The .ZIP format remains one of the most widely used file formats for cross-platform interoperability. Leading industry standards including the ECMA Office Open XML and the OASIS Open Document Format for Office Applications incorporate ZIP technology. Other major industry standards incorporating ZIP include the JAVA JAR specification, Sharable Content Object Reference Model (ADL-SCORM) and EPUB.

As this suggests, if you want to know what your favourite word processor is doing to your words, you should have some awareness of ZIP. The ZIP format, in general, has provided "data compression, file management, and data encryption within a portable archive format." It currently provides at least some of that to the XML buried in your .docx or .odt file.

The PK in PKWARE is due to the late Phil Katz. As the Wikipedia article about him notes, his efforts where ZIP is concerned were to a large extent inspired by litigation. (Yay, lawyers!) Wikipedia notes:

Katz received positive publicity by releasing the APPNOTE.TXT specification documenting the ZIP file format, and declaring that the ZIP file format would always be free for competing software to implement.

What do we find about this declaration on the PKWARE website? In the article above, PKWARE says:

Some ZIP technology is covered by patents or pending patents. If your application requires use of ZIP technology that is covered under a patent, PKWARE does provide reasonable and non discriminatory licensing.

Additional details are in the current Application Note: "APPNOTE.TXT – .ZIP File Format Specification ", version 6.3.2 (September 28, 2007). Section X ("Incorporating PKWARE Proprietary Technology into Your Product") says:

PKWARE is committed to the interoperability and advancement of the .ZIP format. PKWARE offers a free license for certain technological aspects described above under certain restrictions and conditions. However, the use or implementation in a product of certain technological aspects set forth in the current APPNOTE, including those with regard to strong encryption, patching, or extended tape operations requires a license from PKWARE. Please contact PKWARE with regard to acquiring a license.

That’s all I could find on the current website. Long ago, however, Robert A Freed, who was not affiliated with PKWARE but claimed to have permission, posted (on the Usenet newsgroup part of the DISCLAIM.DOC file that PKWARE had distributed on January 11, 1989:

The file format of the files created by these programs, which file format is original with the first release of this software, is hereby dedicated to the public domain. Further, the filename extension of ".ZIP", first used in connection with data compression software on the first release of this software, is also hereby dedicated to the public domain, with the fervent and sincere hope that it will not be attempted to be appropriated by anyone else for their exclusive use, but rather that it will be used to refer to data compression and librarying software in general, of a class or type which creates files having a format generally compatible with this software.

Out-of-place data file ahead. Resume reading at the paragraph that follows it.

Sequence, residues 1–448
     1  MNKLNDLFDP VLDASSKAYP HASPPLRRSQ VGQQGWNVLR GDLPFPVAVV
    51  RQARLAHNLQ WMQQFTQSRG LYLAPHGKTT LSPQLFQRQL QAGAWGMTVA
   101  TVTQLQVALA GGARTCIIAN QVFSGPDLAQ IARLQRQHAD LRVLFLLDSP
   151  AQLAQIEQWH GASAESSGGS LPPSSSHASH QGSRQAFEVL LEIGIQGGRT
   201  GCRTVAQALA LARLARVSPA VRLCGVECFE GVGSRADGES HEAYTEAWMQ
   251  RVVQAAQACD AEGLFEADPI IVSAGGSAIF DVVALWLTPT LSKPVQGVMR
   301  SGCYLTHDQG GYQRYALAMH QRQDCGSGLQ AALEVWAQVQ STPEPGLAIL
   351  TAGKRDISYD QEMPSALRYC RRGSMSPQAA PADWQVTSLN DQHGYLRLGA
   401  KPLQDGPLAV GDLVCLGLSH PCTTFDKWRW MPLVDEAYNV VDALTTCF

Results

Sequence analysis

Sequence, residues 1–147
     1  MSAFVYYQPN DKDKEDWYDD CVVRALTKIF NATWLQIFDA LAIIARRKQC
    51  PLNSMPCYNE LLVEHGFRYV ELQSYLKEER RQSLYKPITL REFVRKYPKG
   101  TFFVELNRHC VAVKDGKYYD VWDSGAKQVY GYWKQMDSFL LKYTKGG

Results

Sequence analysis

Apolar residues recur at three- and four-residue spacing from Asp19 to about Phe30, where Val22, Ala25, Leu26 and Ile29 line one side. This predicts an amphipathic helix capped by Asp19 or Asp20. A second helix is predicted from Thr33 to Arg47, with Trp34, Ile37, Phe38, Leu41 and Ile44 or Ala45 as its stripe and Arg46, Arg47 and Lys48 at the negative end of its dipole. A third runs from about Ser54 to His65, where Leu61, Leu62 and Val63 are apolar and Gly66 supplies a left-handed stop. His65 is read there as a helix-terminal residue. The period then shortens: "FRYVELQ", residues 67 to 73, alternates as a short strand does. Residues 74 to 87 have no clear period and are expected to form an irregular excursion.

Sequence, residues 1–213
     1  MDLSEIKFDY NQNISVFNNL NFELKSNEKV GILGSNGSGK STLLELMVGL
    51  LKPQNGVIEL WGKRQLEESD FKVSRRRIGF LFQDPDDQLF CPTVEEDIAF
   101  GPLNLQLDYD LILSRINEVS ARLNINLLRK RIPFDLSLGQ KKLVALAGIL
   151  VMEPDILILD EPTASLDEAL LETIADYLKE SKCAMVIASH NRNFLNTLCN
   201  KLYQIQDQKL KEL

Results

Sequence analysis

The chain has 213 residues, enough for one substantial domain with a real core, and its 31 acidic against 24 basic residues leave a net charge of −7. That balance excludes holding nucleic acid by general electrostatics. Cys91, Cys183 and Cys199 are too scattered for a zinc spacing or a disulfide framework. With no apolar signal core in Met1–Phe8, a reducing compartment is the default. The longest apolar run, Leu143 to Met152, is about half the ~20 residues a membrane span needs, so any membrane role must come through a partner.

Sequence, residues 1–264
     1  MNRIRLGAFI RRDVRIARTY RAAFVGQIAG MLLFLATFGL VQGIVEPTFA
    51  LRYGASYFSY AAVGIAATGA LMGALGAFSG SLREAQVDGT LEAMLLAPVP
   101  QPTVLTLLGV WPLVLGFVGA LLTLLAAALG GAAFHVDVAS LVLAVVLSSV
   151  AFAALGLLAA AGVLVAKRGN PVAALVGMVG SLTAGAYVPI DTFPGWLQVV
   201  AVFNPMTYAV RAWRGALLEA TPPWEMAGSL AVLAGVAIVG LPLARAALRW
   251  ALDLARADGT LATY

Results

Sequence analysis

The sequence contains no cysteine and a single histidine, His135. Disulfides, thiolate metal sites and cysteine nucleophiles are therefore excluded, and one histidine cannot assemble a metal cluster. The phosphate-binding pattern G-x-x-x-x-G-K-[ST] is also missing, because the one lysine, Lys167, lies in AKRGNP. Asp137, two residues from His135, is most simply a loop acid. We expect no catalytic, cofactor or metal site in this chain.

FORMAT.DOC was posted later in the same thread.

So are you confused yet? Rick Jelliffe offers a useful discussion of the ambiguities in "Is ZIP in the public domain or not?" (June 22, 2010) ( He suggests:

So what safe profile of ZIP would that give us? That would be approximately ZIP 2 (which is what everyone implements) plus support for UTF-8 names (unpatentable). The only thing that might need to be looked into is whether the ZIP64 (archives longer than 4gig feature of ZIP4.5) was included. I believe this is what the proponents of the proposed ISO ZIP effort have been thinking about.

A couple of interesting recent law journal articles are Philip Johnson, “Dedicating Copyright to the Public Domain” Modern Law Review 71(4):587-610 (July 2008); and Timothy K. Armstrong, “Shrinking the Commons: Termination of Copyright Licenses and Transfers for the Benefit of the Public” Harvard Journal on Legislation 47(2):359-423 (Summer 2010).

Whatever the status of the format from time to time, one thing that’s always been clear is that PKWARE’s pkzip and pkunzip programs were not in the public domain. PKWARE has introduced new versions of the programs over time, as well as new versions of the format. The most convenient history of the versions of each is given in two pages from "Pkzip 1.1 Version history" and "ZIP (file format) 4 Version history". Here are some highlights:
• 1989: PKZIP 0.8 and ZIP 1.0
• 1993: PKZIP 2.0 and ZIP 2.0: Introduction of the DEFLATE compression method
• 2001: PKZIP 4.5 and ZIP 4.5: Inclusion of ZIP64 archives support
• 2002: PKZIP 5.0 and ZIP 5.0: Inclusion of the DES, 3DES, RC2 and RC4 encryption formats
• 2007: SecureZIP 11.0 and ZIP 6.3.0: Inclusion of UTF-8 name support

Versions of "appnote.txt" back to 4.5 (11/01/2001) are available in PKWARE’s "Application Note Archives" ( One earlier version from the PKWARE site, not numbered but dated September 1, 1998, is available courtesy of